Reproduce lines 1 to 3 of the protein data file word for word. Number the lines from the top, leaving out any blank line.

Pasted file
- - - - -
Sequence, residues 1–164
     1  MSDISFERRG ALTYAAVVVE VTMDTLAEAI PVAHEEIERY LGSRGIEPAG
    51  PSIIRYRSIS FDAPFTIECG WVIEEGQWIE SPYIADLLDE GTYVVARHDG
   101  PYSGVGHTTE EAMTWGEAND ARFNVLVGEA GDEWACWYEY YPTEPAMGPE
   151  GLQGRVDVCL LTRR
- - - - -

Sequence, residues 1–164
     1  MSDISFERRG ALTYAAVVVE VTMDTLAEAI PVAHEEIERY LGSRGIEPAG
    51  PSIIRYRSIS FDAPFTIECG WVIEEGQWIE SPYIADLLDE GTYVVARHDG